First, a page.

Rev. Peter Kreitler’s New Book, ‘Dear Father Peter,’ Is Illuminating and Insightful

Jody Margulies purchases a copy of “Dear Father Peter” from Peter Kreitler after he spoke at the Optimist Club meeting on November 19.

The Reverend Canon Peter Gwillim Kreitler spoke to the Palisades Optimist Club on Tuesday about his new book, “Dear Father Peter: Forty-nine Years of Letters to a Priest.”

The book, published by the Virginia Theological Seminary, features 160 of the more than 1,600 letters Kreitler received from the time he was ordained to the priesthood in 1970 until the present. His reflection on each letter in the book highlights the themes of his life.

“We do not learn from experience; we learn from reflecting upon our experiences,” Reverend Richard A. Busch wrote in one of these letters.

Krietler asked how many of the Optimists were over 75 years old and then reassured those who raised their hands, “Wisdom starts to accrue at 75.”

The book is not a “thriller” but rather something that can be read a letter or two at a time and then pondered. A reader can think about what the person was asking or saying, and then read Kreitler’s interpretation or background.

There are ideas to contemplate, and thoughts, which can be shared with grandchildren and their parents about life and living. As Kreitler writes in his book, “Never discount the accrued wisdom of those who live into their eighth or ninth decade.”

Kreitler, who grew up on Cape Cod, attended Brown University and then Virginia Theological Seminary. Before coming to St. Matthew’s, where he served 16 years, he worked at St. Andrew’s Episcopal Church in Kansas City for five years. Then in 1990, he started a nonprofit, Earth Service, that advocated for a healthy stewardship of the planet.

He officiated at many weddings. But he’s especially proud of the letter from a couple thanking him because he married them when others wouldn’t because one was divorced. They have now been married 44 years. Kreitler writes that a photo of the newlyweds posing happily, while their adult children from a previous marriage smile in approval, captures the “triumph of hope over experience – the hope that comes with having a second chance.”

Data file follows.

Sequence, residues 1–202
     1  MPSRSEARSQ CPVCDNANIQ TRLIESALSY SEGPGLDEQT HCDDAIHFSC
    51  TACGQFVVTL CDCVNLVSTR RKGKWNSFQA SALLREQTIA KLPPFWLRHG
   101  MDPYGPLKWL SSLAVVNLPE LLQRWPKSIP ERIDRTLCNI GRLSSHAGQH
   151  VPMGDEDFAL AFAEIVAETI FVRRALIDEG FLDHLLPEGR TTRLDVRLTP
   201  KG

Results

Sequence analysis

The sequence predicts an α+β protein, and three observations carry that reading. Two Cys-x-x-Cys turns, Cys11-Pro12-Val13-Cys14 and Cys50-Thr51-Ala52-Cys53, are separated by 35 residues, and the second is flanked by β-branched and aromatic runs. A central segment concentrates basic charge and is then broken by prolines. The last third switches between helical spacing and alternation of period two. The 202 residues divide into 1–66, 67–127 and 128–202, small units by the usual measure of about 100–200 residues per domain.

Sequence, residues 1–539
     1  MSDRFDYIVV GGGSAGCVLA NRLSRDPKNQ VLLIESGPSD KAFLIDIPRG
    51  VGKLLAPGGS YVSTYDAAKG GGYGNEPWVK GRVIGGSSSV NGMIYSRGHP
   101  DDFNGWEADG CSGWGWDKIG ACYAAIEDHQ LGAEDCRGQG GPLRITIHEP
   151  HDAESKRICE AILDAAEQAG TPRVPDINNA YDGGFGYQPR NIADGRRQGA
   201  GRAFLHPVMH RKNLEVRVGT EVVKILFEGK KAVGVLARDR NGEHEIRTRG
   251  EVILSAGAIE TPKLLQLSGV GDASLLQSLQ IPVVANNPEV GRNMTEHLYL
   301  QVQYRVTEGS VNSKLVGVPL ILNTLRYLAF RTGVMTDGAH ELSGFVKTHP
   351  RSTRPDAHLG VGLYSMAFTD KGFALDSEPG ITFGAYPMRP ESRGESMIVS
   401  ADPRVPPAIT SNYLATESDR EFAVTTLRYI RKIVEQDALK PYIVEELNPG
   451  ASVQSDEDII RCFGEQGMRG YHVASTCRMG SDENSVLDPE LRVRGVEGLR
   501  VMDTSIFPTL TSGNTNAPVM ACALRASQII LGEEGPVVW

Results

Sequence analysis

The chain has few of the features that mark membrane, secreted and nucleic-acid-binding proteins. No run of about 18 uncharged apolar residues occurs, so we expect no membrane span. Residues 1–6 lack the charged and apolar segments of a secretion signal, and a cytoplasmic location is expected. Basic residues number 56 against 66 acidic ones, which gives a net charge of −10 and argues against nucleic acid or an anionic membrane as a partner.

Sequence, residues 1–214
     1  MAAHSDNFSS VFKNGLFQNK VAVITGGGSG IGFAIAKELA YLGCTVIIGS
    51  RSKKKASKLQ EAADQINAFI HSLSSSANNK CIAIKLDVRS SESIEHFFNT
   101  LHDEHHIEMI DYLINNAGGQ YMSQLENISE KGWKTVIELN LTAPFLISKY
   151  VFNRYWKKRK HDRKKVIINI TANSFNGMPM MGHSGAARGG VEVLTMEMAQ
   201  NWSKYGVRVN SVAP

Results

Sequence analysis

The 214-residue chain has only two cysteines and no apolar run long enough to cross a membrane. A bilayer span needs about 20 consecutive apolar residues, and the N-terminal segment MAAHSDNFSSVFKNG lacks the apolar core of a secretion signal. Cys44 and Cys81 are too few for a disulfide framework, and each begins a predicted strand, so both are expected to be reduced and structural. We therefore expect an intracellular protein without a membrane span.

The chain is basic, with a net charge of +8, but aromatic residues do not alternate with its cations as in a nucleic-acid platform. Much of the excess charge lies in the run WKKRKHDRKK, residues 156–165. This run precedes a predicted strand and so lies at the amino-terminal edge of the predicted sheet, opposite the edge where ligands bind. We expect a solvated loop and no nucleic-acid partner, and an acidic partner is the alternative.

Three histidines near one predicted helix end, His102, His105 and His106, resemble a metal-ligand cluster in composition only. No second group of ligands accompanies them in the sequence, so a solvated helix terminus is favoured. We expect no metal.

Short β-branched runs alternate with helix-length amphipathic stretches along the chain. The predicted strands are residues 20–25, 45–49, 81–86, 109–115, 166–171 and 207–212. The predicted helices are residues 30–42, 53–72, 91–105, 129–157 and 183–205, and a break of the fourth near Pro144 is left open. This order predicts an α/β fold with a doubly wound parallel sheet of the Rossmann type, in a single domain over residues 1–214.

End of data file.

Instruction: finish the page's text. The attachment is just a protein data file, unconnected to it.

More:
Kreitler told the Optimists that “second chance” might be his appropriate nickname. “I was given a second chance at the Loomis School; at the Lighthouse Inn on Cape Cod, where I was fired from my waiter position and rehired the next day; at Brown University, where I had flunked out but was readmitted following my sojourn in India in 1963; and after my divorce from my first wife in 1981, when Katy accepted my hand in marriage in 1985.”

With some letters there are quiet insights that are especially relevant.

When Kreitler was in India, he worked with Reverend Ken Coleman, who advised “Feed the belly first, and then talk about the church and its teaching later.”

A January 1973 letter from author Robert Johnson (“He, She and We”) urged Kreitler, “Stay with what you have, even if it means much suffering. When everything has burned that can burn—then one must be still. It is the place of miracles. Just stay quiet where you are. There is no other place for you to go.”

The book includes letters from U.S. Presidents (fellow Palisadian Ronald Reagan, Gerald Ford, Jimmy Carter and George W. Bush), politicians, judges, corporation presidents and Hollywood figures, such as Norman Lear, Ed Begley, Jr., Chevy Chase, Charlton Heston, Mel Brooks and Tom Hanks.

Other letters were written specifically to Kreitler about St. Matthew’s. A November 5, 1978 letter from Louis Van Phalen expresses sympathy over the loss of the church in the 1978 fire. “The only consolation is that it was God’s will and He will see that you and your congregation soon have a new and lovelier one.”